The first is that, with any area where there is a lot of 
scientific information, the data available to physicians and 
patients changes month by month with more publications by Dr. 
Rossouw's group and others around the country. The challenge we 
have at FDA is interpreting this information, deciding which of 
that information warrants changing the instructions to patients 
and physicians.
    At any one moment, when we are convening, when we get 
together at advisory committees, and we meet internally and we 
make a decision about how to change a label and change the 
instructions, we base it on the best information that we have 
available at that moment.
    We are aware, as we were when we most recently changed the 
labeling, that there are many ongoing studies on hormone 
products. So we anticipate continuing to make changes in these 
instructions. But at the point which we put on those warnings, 
that was the best information we had.
    We do know that the news is not all bad. There are some 
women, at some times in their life, depending on their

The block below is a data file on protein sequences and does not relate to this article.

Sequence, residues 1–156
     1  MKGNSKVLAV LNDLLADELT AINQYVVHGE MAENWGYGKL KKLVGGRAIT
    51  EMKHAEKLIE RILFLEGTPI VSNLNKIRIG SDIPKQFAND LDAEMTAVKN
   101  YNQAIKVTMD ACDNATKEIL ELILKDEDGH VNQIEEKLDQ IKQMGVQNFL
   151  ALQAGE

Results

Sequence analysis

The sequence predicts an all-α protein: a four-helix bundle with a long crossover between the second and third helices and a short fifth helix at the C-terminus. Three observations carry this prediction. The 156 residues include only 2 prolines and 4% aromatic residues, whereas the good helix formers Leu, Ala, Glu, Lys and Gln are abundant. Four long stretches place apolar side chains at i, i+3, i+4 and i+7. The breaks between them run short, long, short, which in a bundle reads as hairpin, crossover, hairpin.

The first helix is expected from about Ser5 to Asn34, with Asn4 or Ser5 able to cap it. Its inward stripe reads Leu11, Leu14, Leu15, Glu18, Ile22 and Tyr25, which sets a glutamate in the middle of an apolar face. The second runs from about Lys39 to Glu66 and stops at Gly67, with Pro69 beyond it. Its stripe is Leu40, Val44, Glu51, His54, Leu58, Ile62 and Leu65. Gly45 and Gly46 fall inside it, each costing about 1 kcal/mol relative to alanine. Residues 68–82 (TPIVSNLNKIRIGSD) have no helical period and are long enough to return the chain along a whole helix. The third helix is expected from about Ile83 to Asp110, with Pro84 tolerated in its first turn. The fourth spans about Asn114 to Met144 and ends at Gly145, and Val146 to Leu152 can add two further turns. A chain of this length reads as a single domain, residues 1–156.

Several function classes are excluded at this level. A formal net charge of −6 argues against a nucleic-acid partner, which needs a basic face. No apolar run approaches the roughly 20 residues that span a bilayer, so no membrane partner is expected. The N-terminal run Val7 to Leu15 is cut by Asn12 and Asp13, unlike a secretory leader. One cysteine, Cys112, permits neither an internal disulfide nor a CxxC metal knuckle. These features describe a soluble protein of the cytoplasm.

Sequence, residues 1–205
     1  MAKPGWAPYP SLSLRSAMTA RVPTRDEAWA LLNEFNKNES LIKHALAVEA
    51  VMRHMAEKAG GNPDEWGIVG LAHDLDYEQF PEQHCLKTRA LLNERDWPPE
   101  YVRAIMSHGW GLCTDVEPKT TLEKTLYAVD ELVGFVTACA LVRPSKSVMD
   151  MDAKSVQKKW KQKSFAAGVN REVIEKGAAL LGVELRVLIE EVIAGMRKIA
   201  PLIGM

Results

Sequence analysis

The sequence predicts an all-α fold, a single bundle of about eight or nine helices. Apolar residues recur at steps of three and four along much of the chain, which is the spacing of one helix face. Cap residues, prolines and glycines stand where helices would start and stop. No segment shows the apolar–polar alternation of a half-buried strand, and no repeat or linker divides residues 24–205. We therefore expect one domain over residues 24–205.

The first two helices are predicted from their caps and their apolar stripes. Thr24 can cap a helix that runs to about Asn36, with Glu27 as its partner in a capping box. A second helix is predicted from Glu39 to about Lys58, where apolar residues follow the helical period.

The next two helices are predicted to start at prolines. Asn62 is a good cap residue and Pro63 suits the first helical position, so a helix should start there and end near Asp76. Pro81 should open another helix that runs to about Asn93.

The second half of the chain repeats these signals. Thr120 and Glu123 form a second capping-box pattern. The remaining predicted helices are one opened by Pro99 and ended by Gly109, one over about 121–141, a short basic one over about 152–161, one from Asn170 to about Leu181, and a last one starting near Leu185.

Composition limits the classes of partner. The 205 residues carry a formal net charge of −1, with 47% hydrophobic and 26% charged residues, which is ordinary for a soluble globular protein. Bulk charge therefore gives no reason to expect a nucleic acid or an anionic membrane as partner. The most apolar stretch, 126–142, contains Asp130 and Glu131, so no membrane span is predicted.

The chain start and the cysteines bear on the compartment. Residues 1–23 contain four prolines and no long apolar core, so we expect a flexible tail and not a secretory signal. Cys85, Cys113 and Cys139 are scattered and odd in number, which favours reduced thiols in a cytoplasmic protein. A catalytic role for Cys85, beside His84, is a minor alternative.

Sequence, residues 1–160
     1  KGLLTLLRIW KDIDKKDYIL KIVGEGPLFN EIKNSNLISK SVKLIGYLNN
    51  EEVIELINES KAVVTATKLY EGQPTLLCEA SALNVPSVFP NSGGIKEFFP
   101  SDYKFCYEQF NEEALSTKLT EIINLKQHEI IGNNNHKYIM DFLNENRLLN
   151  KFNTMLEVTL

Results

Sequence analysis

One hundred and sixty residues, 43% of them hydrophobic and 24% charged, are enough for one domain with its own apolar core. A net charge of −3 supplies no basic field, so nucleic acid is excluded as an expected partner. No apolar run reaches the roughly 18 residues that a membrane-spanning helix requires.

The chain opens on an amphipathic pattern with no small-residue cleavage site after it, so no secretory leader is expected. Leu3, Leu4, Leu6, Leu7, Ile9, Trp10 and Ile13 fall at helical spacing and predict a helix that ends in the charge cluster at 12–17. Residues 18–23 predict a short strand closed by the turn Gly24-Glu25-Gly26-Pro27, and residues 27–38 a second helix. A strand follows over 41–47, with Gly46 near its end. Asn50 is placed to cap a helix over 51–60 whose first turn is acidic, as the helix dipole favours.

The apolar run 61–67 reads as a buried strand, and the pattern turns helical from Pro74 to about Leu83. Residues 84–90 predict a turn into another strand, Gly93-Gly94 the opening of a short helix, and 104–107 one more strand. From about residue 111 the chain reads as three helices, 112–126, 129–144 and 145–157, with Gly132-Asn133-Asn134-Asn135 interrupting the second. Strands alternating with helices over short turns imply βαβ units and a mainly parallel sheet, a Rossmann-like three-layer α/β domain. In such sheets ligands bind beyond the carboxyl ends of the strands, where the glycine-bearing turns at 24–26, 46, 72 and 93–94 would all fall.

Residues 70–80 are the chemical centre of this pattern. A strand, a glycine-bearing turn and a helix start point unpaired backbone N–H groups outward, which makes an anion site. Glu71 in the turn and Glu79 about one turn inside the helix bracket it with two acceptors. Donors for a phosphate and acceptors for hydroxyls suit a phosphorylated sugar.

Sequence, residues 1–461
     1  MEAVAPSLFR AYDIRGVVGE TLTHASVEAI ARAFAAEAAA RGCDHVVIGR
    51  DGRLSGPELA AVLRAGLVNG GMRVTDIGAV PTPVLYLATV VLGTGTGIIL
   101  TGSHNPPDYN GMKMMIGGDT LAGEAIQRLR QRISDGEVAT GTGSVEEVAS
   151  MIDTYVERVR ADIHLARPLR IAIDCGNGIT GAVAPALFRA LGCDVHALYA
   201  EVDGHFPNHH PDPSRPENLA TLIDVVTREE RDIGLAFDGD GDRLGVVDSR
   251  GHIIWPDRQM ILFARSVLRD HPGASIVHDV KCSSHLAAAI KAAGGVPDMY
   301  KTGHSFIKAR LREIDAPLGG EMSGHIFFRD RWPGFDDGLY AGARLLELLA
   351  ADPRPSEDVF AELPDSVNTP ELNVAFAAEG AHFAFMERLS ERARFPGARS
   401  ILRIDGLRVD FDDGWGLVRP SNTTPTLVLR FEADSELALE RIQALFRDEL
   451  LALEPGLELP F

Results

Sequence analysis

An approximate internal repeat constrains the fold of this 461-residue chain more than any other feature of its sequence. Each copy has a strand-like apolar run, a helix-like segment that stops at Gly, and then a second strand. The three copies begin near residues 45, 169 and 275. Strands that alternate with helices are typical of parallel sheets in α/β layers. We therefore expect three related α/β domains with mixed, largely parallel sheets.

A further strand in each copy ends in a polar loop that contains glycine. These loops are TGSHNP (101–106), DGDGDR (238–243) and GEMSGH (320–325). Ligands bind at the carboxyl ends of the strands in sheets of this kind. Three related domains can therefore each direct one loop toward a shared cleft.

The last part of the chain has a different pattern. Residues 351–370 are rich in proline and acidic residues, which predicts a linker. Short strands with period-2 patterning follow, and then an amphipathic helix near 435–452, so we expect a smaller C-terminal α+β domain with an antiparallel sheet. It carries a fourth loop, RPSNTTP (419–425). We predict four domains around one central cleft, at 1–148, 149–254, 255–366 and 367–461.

symptoms, who may benefit from short courses of these hormones. 
It wouldn't be right for us to completely shut the door and say 
they are never indicated, never appropriate.
    Senator Smith. So that brings me to the obvious question: 
Should the FDA then require black box warnings for compounded 
products containing hormones?
    Dr. Galson. The issue there and, you know----
    Senator Smith. There are none now.
    Dr. Galson. We really share your concern about this. One of 
our major problems with compounded products, be they 
prescription compounded products or over-the-counter hormone 
products, is that they don't contain the same sort of 
comprehensive labeling that FDA-approved products have.